Army, NFL collaborate on traumatic brain injury helmet sensors
July 18, 2012
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WASHINGTON (Army News Service, July 18, 2012) -- The National Football League now wants to put into the helmets of its players the same type of sensors used by the Army to evaluate concussive events that could lead to traumatic brain injury.
The Army is working with the National Football League, or NFL, to help the league develop ways to protect football players from traumatic brain injury, known as TBI, in much the same way the service hopes to protect its own Soldiers from those same injuries, said Lt. Col. Frank Lozano, product manager of Soldier protection with Program Executive Office Soldier.
Lozano says there are similarities between the head injuries suffered by football players and those suffered by Soldiers.
"The NFL is very interested in having a similar type of capability that would aid doctors in diagnosing and understanding football players' experience of concussions and blunt force trauma on the football field so that they can better offer medical aid at the appropriate time to those players," he said.
Lozano also mentioned the positive relationship between the NFL and the Army, which he illustrated with three C's: Cooperation, coordination and collaboration. These three goals, he said, are all part of the joint effort between the Army and the NFL to combat TBI.
Officials from the NFL and the Army meet periodically to discuss new ways to prevent and treat TBI, as well as to swap information and treatment tactics, Lozano said.
"A lot of Soldiers are football fans and a lot of football players and teams in the NFL are large supporters of the armed forces," he said. "So it's kind of a natural fit."
The helmet sensors are used to measure the severity of impact to a Soldier's head after a concussive event, such as an explosion. Later, that data can be collected and used in research to further develop an understanding of the relationship between concussive events and traumatic brain injury.
"In the Department of Defense, there are more than 2,000 documented cases of brain injuries, and of that number 58 percent are Army," said TBI program manager Stephanie Maxfield Panker. "We have large numbers of Soldiers who are exposed to injuries in the field, training accidents, especially with what the Army does in particular."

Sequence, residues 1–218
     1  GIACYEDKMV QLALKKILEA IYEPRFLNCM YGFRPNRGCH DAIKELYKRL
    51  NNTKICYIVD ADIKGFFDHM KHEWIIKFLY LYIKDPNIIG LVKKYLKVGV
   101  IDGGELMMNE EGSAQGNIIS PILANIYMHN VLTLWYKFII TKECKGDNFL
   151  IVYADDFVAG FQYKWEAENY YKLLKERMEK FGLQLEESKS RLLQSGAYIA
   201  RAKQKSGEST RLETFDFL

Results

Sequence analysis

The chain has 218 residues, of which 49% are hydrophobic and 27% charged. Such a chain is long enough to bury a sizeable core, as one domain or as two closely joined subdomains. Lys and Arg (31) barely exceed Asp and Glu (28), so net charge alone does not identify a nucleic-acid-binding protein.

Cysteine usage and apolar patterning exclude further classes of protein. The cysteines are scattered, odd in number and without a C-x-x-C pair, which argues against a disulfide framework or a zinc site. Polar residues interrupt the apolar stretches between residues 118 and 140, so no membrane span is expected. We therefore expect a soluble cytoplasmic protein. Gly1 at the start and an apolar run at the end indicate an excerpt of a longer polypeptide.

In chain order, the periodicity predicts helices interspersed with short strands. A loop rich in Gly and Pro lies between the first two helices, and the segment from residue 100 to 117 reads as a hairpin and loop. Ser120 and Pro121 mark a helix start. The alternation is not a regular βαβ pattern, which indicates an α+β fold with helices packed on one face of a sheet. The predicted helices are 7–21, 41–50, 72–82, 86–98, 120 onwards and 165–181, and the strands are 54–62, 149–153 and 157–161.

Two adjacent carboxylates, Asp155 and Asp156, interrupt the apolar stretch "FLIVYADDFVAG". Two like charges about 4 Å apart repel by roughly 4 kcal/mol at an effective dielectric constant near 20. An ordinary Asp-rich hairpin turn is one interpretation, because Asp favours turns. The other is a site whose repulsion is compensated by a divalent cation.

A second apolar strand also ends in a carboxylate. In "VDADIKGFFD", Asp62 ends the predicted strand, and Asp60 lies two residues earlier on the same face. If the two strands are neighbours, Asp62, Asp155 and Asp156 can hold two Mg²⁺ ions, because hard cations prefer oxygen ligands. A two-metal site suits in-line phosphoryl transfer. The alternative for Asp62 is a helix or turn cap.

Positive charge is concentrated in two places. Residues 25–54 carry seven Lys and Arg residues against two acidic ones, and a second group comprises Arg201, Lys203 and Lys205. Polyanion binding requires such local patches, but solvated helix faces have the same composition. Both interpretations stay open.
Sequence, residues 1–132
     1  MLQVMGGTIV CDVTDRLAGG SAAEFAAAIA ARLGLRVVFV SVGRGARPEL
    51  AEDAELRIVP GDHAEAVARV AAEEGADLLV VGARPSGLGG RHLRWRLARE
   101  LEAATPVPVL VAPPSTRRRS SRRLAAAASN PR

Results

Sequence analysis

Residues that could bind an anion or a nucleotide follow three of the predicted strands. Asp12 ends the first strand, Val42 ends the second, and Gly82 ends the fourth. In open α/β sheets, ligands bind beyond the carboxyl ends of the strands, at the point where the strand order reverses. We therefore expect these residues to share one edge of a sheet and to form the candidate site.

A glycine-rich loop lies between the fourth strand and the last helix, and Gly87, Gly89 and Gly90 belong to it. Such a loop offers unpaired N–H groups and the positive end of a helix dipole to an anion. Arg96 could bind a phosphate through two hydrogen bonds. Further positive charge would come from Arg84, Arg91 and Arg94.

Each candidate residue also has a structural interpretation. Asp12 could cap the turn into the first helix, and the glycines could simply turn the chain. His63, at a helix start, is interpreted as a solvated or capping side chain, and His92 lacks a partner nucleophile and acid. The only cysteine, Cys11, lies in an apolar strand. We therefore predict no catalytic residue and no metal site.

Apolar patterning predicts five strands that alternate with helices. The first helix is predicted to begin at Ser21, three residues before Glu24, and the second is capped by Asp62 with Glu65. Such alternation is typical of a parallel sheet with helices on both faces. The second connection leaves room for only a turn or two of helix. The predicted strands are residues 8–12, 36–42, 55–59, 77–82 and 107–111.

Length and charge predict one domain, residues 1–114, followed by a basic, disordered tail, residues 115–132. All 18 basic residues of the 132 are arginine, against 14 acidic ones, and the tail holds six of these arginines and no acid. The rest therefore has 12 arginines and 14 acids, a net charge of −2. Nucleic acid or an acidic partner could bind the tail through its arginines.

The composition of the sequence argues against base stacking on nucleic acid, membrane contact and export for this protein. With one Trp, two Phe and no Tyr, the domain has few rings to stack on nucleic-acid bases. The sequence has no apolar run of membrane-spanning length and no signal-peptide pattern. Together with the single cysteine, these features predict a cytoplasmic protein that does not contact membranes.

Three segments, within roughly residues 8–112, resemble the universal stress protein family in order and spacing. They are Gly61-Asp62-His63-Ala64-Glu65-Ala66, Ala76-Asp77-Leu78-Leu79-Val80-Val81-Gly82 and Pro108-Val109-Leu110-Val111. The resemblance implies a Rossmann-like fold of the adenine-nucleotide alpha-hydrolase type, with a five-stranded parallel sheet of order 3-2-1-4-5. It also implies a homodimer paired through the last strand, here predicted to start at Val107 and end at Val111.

According to Lozano, 45,000 sensor helmets have been ordered, but progress in reducing injury will take time to occur since the program only began in November. At this point, about 10,000 helmets have been introduced to troops in theater.
The program is divided into two steps. The first part is to use the sensors to collect information about the concussive events experienced by Soldiers, the kind of events that can cause possible brain damage, and that may go undetected by doctors or the Soldiers themselves. If a potentially injury-causing concussive event is perceived by the sensor, a report will be sent out to medical authorities so the Soldier can be examined.
"[Screening] is the important part, so we can realize that a Soldier has been through a traumatic event," Lozano said. "Combat is inherently a traumatic event, and there's very little way to avoid that. But what we want to be able to do is immediately understand if those traumatic events have been realized or manifested in the state of a concussion. And if that has occurred, then we want to allow the Soldier the right amount of time to heal."
The second part of the program involves analyzing medical reports and reports made by the sensors and finding correlations between the two in order to ensure that Soldiers are receiving proper diagnosis and care.
"I really can't say we're seeing a number change in TBIs, [but] the intent is that over the next couple of years, we would hope that we would see the number of TBI cases drop," Lozano said.